Jodi tor dak shune keu na ase tobe ekla cholo re (If they do not listen to your call, walk alone walk alone)

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Remove Modi to improve India-Pakistan relations: Mani Shankar Aiyar

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New Delhi: Talks between India and Pakistan can move forward only if Prime Minister Narendra Modi is removed from his post, Congress leader Mani Shankar Aiyar has told a Pakistani television channel.

“First, it is required to remove Modi, otherwise talks will not move forward. We’ll have to wait for four years. These people are very optimistic about Modi, they think that talks will move forward with Modi’s presence. But I don’t think so,” Aiyar told Dunya TV.

After last week’s Paris terror attacks, Aiyar had said,”anti-Islam phobia that is being carried out in the western countries should be stopped immediately”.

On his remarks about Prime Minister, Minority Affairs Minister Najma Heptulla said: “Perhaps Mani Shankar Aiyar forgot that Modi ji was elected by the people. It is a reprehensible comment and we condemn it.”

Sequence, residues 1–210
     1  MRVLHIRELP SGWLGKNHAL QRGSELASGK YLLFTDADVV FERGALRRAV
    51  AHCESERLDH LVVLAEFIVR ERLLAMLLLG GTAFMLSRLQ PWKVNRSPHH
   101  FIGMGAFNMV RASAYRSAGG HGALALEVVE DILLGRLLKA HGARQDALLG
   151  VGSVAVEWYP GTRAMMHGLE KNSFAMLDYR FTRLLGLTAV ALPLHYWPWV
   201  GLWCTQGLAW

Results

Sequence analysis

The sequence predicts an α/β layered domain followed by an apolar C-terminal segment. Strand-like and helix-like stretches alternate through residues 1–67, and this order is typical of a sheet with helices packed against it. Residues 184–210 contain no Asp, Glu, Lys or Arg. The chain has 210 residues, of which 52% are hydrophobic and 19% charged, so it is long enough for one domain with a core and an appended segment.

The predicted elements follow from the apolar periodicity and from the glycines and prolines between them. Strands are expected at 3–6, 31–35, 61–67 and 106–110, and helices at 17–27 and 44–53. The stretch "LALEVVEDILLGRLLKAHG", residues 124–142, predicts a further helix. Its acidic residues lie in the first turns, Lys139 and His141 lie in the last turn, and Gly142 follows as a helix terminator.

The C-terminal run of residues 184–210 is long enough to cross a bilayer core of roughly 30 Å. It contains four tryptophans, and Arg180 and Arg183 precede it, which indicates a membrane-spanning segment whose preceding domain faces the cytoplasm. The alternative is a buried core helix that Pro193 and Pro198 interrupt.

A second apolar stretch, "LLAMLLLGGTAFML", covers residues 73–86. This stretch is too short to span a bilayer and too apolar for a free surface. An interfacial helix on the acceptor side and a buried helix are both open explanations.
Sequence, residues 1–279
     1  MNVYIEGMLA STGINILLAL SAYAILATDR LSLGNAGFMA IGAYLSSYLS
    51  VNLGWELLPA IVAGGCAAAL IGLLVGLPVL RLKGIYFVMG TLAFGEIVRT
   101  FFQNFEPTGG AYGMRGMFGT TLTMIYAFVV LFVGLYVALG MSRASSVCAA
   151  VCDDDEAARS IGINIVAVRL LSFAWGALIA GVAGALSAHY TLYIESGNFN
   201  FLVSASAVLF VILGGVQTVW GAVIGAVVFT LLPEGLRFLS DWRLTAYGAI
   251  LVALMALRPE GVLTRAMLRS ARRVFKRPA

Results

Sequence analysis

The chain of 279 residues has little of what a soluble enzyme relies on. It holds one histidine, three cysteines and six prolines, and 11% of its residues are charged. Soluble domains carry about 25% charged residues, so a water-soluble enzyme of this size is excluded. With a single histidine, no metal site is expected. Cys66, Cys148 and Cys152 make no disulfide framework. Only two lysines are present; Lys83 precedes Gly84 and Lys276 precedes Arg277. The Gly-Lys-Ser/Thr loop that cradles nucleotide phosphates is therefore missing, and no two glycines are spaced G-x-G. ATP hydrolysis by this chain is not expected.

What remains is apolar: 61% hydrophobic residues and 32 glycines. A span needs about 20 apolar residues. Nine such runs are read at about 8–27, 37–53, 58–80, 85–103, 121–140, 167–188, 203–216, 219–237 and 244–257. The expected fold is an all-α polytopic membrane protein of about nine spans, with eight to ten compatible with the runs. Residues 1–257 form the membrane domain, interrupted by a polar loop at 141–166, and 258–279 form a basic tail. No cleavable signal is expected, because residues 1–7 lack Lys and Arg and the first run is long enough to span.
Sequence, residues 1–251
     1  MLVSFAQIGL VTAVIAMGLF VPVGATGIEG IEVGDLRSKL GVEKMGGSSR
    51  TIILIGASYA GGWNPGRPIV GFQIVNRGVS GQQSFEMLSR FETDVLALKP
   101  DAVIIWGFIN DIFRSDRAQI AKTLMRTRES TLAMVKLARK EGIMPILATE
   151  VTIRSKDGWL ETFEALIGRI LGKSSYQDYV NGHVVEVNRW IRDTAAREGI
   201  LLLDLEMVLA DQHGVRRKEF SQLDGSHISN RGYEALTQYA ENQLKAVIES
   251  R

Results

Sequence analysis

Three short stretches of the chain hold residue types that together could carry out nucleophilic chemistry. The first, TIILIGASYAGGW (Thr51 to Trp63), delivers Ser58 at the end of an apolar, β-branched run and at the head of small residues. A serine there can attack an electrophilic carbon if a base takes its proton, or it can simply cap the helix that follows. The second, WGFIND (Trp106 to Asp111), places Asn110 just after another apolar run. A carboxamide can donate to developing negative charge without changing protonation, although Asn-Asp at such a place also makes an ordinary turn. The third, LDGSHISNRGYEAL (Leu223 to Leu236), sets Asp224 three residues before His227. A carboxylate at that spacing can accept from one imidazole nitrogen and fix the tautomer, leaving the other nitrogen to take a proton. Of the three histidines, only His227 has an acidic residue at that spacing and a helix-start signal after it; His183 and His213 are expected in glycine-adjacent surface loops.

On Congress distancing from Aiyar, Heptulla said: “This is a good strategy of the Congress. First, you make them pass a statement, and then distance from it. How dare he make such statement on a Pakistani television? I know what goes on in Congress party. When they say they are distancing from the remark, I don’t believe it.”

BJP spokesperson Meenakshi Lekhi said: “Some people are behaving and conducting themselves as propagandists for ISIS (Islamic State) and Taliban. We need to watch out for fringe elements in India.”

Citing the example of Samajwadi Party, which quickly distanced itself from its leader Azam Khan’s controversial comments on the Paris attack, Lekhi asked why the Congress failed to condemn Aiyar’s remarks?

“At a time when the entire world stood up to condemn the Paris attack, Mani Shankar Aiyar and Salman Khurshid were speaking ill of our prime minister on foreign land. When Azam Khan remarked on Paris attacks, the SP was sensible to criticise what he said. But the Congress has not condemned him yet,” Lekhi said.

Khurshid, a former external affairs minister, praised Pakistani Prime Minister Nawaz Sharif recently and criticized Prime Minister Modi during his invitation lecture at the Jinnah Institute in Islamabad last week.

“Modi is not used to talking to people who disagree with him,” Khurshid had said.

Speaking about Sharif attending Modi’s swearing-in ceremony in India, Khurshid said, “If you look back at the first face-to-face between our PMs, your PM took a brave, farsighted decision. If there has been a leader of democratic Pakistan who wanted peace with India, it is (Sharif, who) was the first non-military (Pakistani) leader to try for peace.”